“For some of the vitamins and herbal supplements there is no one actually regulating what actually is that pill or capsule,” Stauffer said. “So you can put anything you want in there. You can have more of the herb, lets say, ginkgo biloba, it can be five times what it says in the package; and there is no one regulating them. And that’s when I think some herbal supplements can be dangerous for patients because they are thinking they are taking certain amount and they are actually taking five times they thought they were taking.”
Stoulsfuz said, “I think that herbs can have a role, but are they the answer to everything, as a physician I would have to say no." He also cautioned that “you want to make sure your supplier of herbs is a reputable one that’s not going to have contaminated supplies.”
Patients buying their supplies from Young’s pharmacy needn’t worry about contaminated products Young frequently replaces his herbs, and when they are expired he throws them out. When asked about his herbs Young said patients need to be sure to measure the right amount when boiling tea. Americans may not have the scales or traditional knowledge many Chinese families have, when it comes to creating home brews.
While many people swear by the benefits of Eastern medicine, it will be a while until American health insurance companies recognize, and pay for alternative treatments. Some insurance will cover a portion of acupuncture treatments, but that is few and far between, and only with select PPOs.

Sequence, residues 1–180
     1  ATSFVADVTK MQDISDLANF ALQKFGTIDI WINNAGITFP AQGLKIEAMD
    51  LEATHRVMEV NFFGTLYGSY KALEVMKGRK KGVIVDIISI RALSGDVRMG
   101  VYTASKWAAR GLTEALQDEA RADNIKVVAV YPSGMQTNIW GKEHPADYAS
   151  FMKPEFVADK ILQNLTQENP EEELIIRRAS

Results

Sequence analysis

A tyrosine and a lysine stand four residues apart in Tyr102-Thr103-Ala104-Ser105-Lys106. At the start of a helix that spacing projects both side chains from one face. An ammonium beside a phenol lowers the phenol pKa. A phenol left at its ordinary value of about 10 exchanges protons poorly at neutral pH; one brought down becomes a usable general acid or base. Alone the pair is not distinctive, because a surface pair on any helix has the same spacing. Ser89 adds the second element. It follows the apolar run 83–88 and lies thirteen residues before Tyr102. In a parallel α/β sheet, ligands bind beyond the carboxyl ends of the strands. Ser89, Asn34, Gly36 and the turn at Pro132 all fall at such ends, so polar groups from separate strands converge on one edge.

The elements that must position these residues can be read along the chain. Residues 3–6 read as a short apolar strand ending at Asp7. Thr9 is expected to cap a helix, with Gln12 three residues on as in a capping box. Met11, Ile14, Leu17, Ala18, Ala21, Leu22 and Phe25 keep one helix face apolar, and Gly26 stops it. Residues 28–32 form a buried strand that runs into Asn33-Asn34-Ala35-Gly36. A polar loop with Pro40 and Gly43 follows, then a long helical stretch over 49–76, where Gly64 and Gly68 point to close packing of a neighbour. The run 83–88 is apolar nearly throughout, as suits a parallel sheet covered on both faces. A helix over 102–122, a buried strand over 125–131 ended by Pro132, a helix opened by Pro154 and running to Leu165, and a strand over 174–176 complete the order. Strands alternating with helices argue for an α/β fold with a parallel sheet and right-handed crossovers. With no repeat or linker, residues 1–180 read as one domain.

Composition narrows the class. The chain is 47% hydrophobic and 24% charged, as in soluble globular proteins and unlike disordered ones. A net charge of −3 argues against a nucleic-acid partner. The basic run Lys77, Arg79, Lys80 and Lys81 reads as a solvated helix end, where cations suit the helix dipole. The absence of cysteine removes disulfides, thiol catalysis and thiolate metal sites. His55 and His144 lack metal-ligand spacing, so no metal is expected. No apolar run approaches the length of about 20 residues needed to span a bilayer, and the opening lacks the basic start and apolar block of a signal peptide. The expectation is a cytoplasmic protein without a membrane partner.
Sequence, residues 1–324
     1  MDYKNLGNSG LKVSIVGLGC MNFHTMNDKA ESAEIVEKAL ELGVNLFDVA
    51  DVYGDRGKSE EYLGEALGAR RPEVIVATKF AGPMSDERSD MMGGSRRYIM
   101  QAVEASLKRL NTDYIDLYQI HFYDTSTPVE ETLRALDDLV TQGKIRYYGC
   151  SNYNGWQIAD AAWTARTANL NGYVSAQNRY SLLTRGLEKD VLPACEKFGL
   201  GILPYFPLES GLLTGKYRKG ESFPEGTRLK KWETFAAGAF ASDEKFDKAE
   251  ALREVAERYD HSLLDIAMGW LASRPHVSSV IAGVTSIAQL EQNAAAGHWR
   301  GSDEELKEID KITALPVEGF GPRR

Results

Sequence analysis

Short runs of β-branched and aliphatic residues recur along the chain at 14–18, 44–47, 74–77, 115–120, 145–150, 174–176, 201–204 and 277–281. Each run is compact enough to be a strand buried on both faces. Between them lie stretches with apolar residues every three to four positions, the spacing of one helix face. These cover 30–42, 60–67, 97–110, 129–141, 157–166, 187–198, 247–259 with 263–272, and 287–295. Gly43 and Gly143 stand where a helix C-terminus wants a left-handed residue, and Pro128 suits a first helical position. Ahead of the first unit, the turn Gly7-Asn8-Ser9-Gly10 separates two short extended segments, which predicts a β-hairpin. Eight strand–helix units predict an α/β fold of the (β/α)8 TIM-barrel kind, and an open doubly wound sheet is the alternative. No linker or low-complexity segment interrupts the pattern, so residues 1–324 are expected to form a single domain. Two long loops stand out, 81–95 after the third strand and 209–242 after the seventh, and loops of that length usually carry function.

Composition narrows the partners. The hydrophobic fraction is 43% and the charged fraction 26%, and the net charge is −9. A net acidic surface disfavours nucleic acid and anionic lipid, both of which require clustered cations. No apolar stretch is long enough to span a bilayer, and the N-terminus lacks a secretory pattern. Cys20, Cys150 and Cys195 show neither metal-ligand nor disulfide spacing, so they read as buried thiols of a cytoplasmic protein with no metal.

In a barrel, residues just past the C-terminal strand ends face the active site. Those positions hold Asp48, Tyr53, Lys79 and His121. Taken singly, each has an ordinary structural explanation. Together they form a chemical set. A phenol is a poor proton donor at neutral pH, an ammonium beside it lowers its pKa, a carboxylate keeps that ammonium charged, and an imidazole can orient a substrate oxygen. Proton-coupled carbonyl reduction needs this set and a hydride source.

On its website, the American Association of Acupuncture and Oriental Medicine said that many insurance companies do cover acupuncture but they are also working to educate the insurance companies. For now though, it is probably best to look at Eastern and Western medicine not so much competing with each other as complementing each other.
To use an Eastern image, think of Eastern and Western medicine as the Yin and the Yang, two seemingly contrary forces combining together to form a complete whole. Western medicine may have stronger and more precise treatments for complicated diseases such as cancer, but Eastern medicine focuses on the whole person.
“There is a whole focus on balance, I think we’re missing in Western medicine,“ Stoulsfuz said.